Ecommerce product customizers, like NikeID, offer a unique opportunity for your visitors to create their own customized version of your product. While this is great for your customers, it presents several technical and logistical hurdles. Get ready, this technology is now ready for prime time.
The team here at F3G was lucky enough to develop the Phantom Create board short customizer for Hurley, and I will base this post off our experiences on that project, but the concepts should apply to everyone.
I have to admit that I was skeptical as to how willing visitors would be to pay a premium for a custom product, but as I see the proliferation of customizers across ecommerce sites, and the total success of our own clients Phantom Create boardshort customizer at Hurley, I was dead wrong. Now that I’m a believer, let’s discuss what goes in to integrating a product customizer into your ecommerce site. For this post, I’m going to assume you already determined that offering personalized products makes sense for you business and offers value to your customers.
Possibly the most difficult part of making all this happens is the logistics. You’ll have to figure out how to get unique work instructions to your factory so they can make your product to the customers specifications. You’ll have to consider all the gotchas that go along with inventory management, shipping, custom embroidering, and UPC codes for a product with nearly infinite (not quite) customizations and that isn’t really stocked. Not to mention how all your back office systems handle this unique use case. Make sure you have those conversations early with all stakeholders to make sure this is something your organization can pull off. We worked closely with Hurley to ensure that the whole was seamlessly integrated and that the average turn-around was two weeks.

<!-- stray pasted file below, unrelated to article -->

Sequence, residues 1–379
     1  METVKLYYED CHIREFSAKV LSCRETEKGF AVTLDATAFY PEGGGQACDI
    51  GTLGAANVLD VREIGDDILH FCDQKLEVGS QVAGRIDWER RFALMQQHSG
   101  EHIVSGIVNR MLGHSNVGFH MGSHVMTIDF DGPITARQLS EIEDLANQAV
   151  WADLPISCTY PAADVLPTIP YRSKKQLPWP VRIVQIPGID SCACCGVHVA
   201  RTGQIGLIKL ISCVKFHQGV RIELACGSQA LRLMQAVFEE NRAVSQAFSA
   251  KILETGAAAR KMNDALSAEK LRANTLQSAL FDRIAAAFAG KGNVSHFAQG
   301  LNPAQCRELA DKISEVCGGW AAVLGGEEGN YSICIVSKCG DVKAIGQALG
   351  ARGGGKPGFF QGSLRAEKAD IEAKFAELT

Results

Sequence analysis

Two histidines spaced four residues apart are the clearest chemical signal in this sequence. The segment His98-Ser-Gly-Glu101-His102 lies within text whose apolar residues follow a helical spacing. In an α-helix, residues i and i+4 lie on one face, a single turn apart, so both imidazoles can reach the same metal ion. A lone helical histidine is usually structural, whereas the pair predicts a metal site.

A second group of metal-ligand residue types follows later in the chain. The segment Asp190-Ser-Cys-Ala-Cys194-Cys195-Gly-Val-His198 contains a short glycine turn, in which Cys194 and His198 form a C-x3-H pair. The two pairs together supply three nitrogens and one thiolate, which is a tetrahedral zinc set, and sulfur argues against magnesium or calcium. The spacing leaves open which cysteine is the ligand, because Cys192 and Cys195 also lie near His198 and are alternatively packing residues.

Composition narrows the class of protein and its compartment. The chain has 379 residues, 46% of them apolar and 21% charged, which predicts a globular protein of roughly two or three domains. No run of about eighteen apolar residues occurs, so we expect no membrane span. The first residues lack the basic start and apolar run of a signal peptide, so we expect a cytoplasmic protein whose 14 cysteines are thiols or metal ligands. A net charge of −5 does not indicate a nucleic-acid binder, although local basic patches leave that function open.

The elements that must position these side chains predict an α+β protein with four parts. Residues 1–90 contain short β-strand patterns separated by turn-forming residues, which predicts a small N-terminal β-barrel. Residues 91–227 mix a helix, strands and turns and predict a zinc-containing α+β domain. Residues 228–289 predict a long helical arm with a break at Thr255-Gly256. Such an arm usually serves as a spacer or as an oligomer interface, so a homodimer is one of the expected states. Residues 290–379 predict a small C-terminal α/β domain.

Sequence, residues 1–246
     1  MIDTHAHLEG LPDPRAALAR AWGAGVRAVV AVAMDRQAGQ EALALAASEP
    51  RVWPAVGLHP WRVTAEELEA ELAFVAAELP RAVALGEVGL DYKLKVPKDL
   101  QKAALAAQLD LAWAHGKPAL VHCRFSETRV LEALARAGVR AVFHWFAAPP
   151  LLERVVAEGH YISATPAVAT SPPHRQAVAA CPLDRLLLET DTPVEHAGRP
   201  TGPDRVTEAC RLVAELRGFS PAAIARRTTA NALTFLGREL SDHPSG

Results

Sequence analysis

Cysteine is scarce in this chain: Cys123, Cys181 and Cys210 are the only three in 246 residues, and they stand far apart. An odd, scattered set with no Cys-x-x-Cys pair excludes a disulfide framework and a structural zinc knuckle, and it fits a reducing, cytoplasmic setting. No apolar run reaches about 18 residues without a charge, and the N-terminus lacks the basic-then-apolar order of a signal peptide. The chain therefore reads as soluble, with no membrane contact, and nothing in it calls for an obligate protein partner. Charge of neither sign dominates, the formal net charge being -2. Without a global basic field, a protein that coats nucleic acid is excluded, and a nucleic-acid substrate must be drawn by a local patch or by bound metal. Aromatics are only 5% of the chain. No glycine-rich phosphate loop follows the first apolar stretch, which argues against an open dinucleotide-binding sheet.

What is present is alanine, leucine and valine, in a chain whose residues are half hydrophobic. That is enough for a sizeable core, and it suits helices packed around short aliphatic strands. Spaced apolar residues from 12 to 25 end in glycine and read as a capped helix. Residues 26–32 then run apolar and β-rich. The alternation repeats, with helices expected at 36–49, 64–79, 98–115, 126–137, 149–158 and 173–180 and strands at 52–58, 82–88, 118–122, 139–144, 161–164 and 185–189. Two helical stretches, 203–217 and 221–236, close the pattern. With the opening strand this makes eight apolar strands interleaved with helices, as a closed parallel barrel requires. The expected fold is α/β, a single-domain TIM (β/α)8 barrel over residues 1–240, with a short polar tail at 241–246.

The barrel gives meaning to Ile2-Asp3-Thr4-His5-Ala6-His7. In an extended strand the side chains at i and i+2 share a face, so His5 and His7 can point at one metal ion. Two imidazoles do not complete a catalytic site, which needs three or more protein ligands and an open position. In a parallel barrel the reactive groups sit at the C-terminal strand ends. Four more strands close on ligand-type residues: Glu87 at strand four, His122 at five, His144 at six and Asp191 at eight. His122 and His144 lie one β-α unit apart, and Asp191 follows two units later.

Now that all the logistics are out of the way, let’s focus on the fun stuff – the design. For Hurley, we needed to design an intuitive interface for designing boardshorts. After several iterations, we finalized on the interface you see today. We also incorporated several social aspects that improve the experience and allow users to share their designs. Social sharing was an obvious choice as it not only offers free advertising, but also fosters creativity among the community. Giving users options as a starting point and the ability to see other designs gives customers a good place to start over just a blank canvas. In the end, we think we designed an easy-to-use interface for a process that could easily be overwhelming if done wrong.
Clearly there are a lot of moving parts to selling your personalized products online, but there are now plenty of examples and lessons learned to help you get there.